Pastry, Puff

Appears in
Oxford Companion to Sugar and Sweets

By Darra Goldstein

Published 2015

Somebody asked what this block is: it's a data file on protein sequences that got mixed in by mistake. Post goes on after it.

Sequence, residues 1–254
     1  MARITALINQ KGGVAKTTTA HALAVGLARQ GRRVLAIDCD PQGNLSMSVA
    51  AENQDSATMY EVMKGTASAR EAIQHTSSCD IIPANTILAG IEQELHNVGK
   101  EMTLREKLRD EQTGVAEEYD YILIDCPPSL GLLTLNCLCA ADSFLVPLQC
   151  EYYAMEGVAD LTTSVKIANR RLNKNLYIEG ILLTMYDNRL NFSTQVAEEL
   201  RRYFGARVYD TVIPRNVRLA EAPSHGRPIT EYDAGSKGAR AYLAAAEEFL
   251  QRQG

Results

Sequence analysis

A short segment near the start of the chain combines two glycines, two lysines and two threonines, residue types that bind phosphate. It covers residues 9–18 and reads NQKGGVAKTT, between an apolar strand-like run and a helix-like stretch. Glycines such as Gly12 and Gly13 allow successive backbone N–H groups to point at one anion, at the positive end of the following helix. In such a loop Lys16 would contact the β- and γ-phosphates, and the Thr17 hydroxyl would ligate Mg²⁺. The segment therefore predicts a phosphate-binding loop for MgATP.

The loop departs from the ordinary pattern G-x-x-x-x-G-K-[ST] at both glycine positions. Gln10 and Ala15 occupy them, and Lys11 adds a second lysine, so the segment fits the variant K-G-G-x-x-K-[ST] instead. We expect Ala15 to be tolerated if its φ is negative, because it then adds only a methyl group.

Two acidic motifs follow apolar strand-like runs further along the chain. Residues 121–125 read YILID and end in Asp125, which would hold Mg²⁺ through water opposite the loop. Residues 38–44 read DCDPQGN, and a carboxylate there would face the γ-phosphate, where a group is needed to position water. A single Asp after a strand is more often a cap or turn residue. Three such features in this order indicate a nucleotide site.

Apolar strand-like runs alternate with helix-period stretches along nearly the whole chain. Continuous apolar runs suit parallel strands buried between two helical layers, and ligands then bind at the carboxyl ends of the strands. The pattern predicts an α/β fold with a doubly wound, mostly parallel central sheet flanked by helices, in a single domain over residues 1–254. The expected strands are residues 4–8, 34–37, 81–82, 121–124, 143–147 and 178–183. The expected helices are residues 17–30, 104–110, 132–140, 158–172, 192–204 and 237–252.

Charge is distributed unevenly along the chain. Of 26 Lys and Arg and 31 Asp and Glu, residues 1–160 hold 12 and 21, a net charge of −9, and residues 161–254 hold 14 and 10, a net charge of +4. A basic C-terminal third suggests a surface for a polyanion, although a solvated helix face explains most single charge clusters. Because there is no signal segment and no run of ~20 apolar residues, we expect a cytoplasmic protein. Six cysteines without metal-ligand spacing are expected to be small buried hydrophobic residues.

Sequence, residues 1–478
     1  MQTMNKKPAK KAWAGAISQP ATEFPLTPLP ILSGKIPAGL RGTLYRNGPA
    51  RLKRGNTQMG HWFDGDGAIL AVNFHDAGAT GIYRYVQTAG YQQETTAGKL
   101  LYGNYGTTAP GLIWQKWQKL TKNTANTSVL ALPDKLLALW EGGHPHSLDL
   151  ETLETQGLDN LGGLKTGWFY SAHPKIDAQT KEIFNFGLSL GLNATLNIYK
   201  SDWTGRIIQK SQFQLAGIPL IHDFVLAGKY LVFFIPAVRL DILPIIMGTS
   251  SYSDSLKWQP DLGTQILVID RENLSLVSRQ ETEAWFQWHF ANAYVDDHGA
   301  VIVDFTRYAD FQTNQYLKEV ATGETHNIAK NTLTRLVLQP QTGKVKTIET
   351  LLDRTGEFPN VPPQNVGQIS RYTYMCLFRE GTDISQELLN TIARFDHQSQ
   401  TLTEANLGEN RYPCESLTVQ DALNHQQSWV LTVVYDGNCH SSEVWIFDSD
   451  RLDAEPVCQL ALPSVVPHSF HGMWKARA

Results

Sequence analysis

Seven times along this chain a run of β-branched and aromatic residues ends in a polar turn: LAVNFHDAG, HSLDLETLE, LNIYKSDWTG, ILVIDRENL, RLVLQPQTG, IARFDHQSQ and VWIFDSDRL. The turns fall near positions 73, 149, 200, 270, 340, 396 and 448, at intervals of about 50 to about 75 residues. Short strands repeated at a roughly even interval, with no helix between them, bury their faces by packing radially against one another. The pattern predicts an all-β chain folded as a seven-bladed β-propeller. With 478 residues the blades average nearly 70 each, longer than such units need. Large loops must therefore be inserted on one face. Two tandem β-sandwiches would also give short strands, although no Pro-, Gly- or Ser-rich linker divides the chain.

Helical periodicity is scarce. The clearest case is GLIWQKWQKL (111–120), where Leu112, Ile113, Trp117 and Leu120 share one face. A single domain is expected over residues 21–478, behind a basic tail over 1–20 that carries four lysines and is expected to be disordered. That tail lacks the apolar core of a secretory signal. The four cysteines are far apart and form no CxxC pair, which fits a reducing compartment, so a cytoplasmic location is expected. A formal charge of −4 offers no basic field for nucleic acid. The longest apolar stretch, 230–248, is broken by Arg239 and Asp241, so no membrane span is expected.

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pastry, puff, is a dough made by layering a flour–water paste with butter, resulting in very thin layers that “puff” up when baked into delicate layers or leaves; both the French pâte feuilletée and Italian pasta sfogliata derive from the word “leaf.” Bakers have figured out two ways to do this. In a technique documented in medieval Arab sources, dough smeared with liquid fat is shaped into a cylinder and then rolled thin. This technique was certainly used in medieval and early modern Spain and is still used to make Neapolitan sfogliatelle. The origin of the French technique, in which the flour–water paste is repeatedly folded around solid butter, rolled out, and refolded, is much more controversial. According to one story, a French pastry cook’s apprentice named Claudius Gele invented puff pastry in 1645, inspired by the diet of flour, butter, and water that his sick father was ordered to follow. An even more improbable tale ascribes that same discovery to the baroque French painter Claude Lorrain. Whether this technique was invented independently in France or developed out of the Arabic approach is difficult to verify. There is mention of a gâteau feuillé as early as 1311, although what this pastry actually was is pure conjecture.